The countries in Africa that weren’t colonized
Prior to the 18th century, Britain, Portugal and France were the three imperial powers that dominated the landscape of Africa for many centuries. However, as European nations attained greater knowledge of the continent, so did the number and presence of imperial powers from Europe increase. Africa became a very attractive region. Europeans would start scrambling for greater access to the continent’s vast valuable raw materials. Some European nations even felt it was their sacred duty to “civilize” the continent as well as convert the continent to Christianity.
Toward the end of the 19th century, European powers came together at a conference in Berlin to carve up the African continent. Europeans agreed to abide by a set of rules that would prevent them from entering into an open confrontation with one another in Africa. For example, what is now modern day Congo, a vast rainforest region in central Africa, became the personal property of King Leopold II of the Belgians. France and Britain each owned close to one-fourth of the territory of Africa. By the beginning of the 20th century, more than 90% of the continent had become the colonies of many European nations.
However, there were a couple of countries in Africa that were never colonized. Those countries were Liberia in West Africa and Ethiopia in East Africa. Minus the few periods when those countries were invaded and occupied by foreign nations, the two countries that we about to explore remained largely independent for many centuries. The question that begs to be answered is: What were some of the reasons why imperial powers at the time never colonized those two countries, i.e. in the sense of being ruled from overseas?
What is today the West African nation of Liberia was founded by leading U.S. politicians in 1821, i.e. during the presidency of James Monroe, 5th President of the United States. This explains why its present day capital Monrovia was named in honor of Monroe. The U.S. at the time established Liberia to serve as a place where freed slaves and free-borns, especially Blacks, could settle. Those Freed American slaves that settled in Liberia ended up being the upper class of the new country.
Officially, Liberia is said to have gained its full independence in 1847. A year later, in 1848, Joseph Jenkins Roberts, a free-born African American from a wealthy family, was elected Liberia’s first president. The independent Republic of Liberia modeled much of its system governance on the United States Constitution. However, it was not until 1862 that the United States would recognize the independence of Liberia.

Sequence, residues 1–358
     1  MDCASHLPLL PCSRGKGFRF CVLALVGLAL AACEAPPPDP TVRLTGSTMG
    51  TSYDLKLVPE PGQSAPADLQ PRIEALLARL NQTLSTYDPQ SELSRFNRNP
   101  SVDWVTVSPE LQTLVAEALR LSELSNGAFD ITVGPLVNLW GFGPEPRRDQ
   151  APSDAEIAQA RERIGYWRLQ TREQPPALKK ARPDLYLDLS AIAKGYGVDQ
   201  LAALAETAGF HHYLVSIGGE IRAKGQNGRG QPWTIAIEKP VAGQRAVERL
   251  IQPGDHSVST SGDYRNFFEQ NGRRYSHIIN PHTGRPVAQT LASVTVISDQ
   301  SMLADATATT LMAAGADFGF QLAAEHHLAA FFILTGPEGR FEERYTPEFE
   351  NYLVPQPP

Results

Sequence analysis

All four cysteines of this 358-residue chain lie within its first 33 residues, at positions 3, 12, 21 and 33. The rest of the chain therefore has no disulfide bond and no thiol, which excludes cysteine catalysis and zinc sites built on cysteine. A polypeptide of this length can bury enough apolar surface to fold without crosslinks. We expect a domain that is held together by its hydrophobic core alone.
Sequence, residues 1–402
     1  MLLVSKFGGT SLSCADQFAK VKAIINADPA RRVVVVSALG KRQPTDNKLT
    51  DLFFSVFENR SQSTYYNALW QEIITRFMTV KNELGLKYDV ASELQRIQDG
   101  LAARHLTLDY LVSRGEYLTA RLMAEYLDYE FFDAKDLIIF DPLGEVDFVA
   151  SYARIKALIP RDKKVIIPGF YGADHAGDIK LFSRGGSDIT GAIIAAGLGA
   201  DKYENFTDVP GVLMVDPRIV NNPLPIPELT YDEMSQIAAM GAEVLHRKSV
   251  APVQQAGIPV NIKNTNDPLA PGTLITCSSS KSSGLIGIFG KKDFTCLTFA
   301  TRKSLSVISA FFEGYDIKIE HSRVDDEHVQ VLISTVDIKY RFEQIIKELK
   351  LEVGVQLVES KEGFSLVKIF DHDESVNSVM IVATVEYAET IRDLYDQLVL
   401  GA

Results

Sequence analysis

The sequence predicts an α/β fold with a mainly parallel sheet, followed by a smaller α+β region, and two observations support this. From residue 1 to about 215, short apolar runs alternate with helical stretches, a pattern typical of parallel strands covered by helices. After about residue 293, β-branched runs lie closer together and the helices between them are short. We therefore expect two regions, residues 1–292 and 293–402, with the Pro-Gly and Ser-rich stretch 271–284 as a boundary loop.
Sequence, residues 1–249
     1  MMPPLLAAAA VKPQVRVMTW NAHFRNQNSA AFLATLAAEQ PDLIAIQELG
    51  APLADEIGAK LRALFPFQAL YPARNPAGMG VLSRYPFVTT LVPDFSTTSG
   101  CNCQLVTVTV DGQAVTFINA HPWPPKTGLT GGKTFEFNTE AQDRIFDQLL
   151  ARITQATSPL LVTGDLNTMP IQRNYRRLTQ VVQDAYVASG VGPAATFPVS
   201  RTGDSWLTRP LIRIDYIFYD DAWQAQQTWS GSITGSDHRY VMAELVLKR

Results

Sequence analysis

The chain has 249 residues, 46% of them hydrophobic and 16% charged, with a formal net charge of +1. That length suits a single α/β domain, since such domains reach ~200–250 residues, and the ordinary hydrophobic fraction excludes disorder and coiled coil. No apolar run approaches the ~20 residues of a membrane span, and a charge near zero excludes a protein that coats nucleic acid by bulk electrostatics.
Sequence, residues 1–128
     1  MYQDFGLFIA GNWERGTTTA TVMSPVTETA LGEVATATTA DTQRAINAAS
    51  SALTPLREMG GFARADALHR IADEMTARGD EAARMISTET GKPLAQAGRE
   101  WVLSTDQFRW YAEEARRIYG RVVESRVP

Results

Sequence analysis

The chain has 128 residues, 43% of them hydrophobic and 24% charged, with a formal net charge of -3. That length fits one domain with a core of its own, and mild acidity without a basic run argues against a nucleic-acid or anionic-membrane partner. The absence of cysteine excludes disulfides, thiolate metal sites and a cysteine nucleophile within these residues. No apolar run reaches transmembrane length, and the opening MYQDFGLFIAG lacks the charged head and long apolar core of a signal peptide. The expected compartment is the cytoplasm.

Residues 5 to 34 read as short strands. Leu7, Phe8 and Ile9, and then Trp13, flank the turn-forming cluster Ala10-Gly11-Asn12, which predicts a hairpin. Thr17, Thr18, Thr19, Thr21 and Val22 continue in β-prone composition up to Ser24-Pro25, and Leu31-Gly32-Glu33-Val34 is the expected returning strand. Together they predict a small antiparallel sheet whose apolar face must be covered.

Liberia is generally considered the first and oldest republic in Africa. Its status as an independent country remained largely intact throughout the scramble for Africa. With aid from the United States in exchange for its support during the Second World War, Liberia was able to manage its affairs in a very effective manner. That in turn spurred the country to economic growth and prosperity. On the global stage, Liberia’s economic riches allowed it to be seen as a shining model for other African countries to follow. Liberia even played a leading role in the founding of many international bodies like the League of Nations (which later morphed into the United Nations) and the Organization of African Unity (the predecessor of the African Union).
Unfortunately for this small country on the West African coast, a severe political instability emerged beginning around the late 1980s. The couple of decades that followed wiped all the economic gains and progress that were made for over a century. It was not until 2005, when peace was able to reign as the former banker-turned-politician Ellen Johnson Sirleaf was elected the 24th president of Liberia. Sirleaf, who was the first elected female head of state in Africa, introduced a host of reforms that put Liberia on track to gain its former glory.
A landlocked country located in the Horn of Africa, Ethiopia has for many millennia been a place that evokes a strong fascination from people around the world. For starters, the region in the ancient times was the home of powerful kingdoms like D’mt, a 10th century BC to 5th century BC civilization, and Aksum, a civilization that spanned from around 100 BC to 970 AD. The latter was most famous for being a key trading hub that linked Rome and the Indian subcontinent.
The Solomonic dynasty, which was established by Ethiopian Emperor Tasfa Iyasus, would span from around the 13th century AD to 1974, when it’s ruler Haile Selassie was overthrown in a coup d’état. It’s said that the early emperors of Ethiopia were the descendants of Emperor Menelik I, the son of the Biblical figures King Solomon of Israel and Queen of Sheba of South Arabia.